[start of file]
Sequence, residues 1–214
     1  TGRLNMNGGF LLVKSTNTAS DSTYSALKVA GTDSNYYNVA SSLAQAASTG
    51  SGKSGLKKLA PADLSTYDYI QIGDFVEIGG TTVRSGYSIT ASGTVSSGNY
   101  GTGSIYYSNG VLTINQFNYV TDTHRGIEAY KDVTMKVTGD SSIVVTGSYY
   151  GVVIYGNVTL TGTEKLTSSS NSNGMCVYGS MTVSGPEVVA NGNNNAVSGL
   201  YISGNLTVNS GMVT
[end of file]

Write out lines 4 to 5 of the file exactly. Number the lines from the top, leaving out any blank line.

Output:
   101  GTGSIYYSNG VLTINQFNYV TDTHRGIEAY KDVTMKVTGD SSIVVTGSYY
   151  GVVIYGNVTL TGTEKLTSSS NSNGMCVYGS MTVSGPEVVA NGNNNAVSGL